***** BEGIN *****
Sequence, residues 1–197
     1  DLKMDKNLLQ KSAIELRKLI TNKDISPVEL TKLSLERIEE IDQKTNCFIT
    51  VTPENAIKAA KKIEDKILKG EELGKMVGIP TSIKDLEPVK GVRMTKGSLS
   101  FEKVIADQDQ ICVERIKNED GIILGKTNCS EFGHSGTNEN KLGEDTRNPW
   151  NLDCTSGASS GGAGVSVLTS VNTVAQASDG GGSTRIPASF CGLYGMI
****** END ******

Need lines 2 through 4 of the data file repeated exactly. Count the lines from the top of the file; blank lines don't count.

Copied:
     1  DLKMDKNLLQ KSAIELRKLI TNKDISPVEL TKLSLERIEE IDQKTNCFIT
    51  VTPENAIKAA KKIEDKILKG EELGKMVGIP TSIKDLEPVK GVRMTKGSLS
   101  FEKVIADQDQ ICVERIKNED GIILGKTNCS EFGHSGTNEN KLGEDTRNPW